Lawrence includes a lot of sample readings, which is both helpful and interesting. I liked them a lot. A lot of these are presented as practice exercises, where the learning reader should layout and interpret an example spread, then compare to how Ms. Lawrence would interpret it.

All in all, I find her approach appealing. It seems a bit simplistic for me, as I am fond of having “systems,” and things like timing cards and interaction that can provide more detail. As given, this method seems fairly straightforward and high-level event-driven. Yet it’s easy to get started with, I really like the sample exercise style, and I think this book could carry someone a long way in card reading. I’ve had some good success with accuracy in reading for people with this method. I also suspect that someone who uses this system over a longer period of time will get quite a bit out of it; more than might be written in the book.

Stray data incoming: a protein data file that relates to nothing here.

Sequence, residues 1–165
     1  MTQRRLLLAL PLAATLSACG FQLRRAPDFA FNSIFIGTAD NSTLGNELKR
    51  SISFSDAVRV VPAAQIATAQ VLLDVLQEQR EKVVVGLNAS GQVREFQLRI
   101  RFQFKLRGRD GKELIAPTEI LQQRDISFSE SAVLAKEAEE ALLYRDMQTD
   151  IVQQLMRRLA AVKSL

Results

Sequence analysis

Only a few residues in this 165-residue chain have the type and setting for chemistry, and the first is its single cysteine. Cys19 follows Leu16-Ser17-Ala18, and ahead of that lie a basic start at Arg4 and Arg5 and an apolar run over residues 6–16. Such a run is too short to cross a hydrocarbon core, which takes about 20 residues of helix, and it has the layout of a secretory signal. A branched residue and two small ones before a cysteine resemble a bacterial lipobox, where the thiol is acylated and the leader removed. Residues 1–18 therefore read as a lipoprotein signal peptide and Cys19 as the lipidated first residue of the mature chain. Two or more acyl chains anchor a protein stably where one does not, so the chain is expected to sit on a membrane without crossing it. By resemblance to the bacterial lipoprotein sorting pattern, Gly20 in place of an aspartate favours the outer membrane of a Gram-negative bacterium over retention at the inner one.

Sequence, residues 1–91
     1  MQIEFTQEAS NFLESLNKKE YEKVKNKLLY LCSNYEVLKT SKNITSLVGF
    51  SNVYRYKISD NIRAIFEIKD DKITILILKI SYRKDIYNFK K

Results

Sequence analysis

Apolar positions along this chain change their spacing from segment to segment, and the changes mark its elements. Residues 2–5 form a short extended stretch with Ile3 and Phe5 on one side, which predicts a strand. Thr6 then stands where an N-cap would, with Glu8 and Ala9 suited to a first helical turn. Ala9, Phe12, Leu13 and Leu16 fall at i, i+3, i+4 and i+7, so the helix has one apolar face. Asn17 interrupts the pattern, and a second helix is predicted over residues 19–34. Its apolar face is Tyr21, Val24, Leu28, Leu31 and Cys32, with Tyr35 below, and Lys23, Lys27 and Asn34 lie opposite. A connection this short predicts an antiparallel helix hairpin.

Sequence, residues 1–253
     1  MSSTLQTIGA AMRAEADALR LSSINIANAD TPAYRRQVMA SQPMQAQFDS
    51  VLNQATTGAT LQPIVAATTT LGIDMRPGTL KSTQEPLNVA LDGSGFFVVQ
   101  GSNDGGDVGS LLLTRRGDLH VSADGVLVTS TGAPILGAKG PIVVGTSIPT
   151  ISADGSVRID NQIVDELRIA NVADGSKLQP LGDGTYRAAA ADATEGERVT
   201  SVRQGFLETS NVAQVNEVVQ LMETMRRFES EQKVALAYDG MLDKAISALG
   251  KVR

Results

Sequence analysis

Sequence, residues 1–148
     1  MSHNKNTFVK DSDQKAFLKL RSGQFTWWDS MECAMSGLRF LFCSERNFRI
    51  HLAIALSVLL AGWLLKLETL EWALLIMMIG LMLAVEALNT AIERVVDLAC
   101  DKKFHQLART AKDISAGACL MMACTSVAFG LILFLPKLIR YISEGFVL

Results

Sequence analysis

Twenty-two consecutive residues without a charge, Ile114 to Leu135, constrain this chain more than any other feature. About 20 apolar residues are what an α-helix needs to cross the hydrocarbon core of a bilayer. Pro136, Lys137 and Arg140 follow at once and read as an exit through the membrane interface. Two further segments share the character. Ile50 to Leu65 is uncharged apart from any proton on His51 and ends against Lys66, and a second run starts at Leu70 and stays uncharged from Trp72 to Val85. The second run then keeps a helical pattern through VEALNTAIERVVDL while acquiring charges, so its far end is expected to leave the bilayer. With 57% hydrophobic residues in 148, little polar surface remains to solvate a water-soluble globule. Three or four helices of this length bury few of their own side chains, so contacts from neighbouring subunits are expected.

Only time and experience will tell. The person who isn’t interested in memorizing a bunch of attributions and definitions will especially like this book. It even includes a one-page “tear sheet” at the end, which makes for a great reference to have on-hand while reading, when reference is needed. I have no problems recommending this book to a beginner or someone looking for something a little different.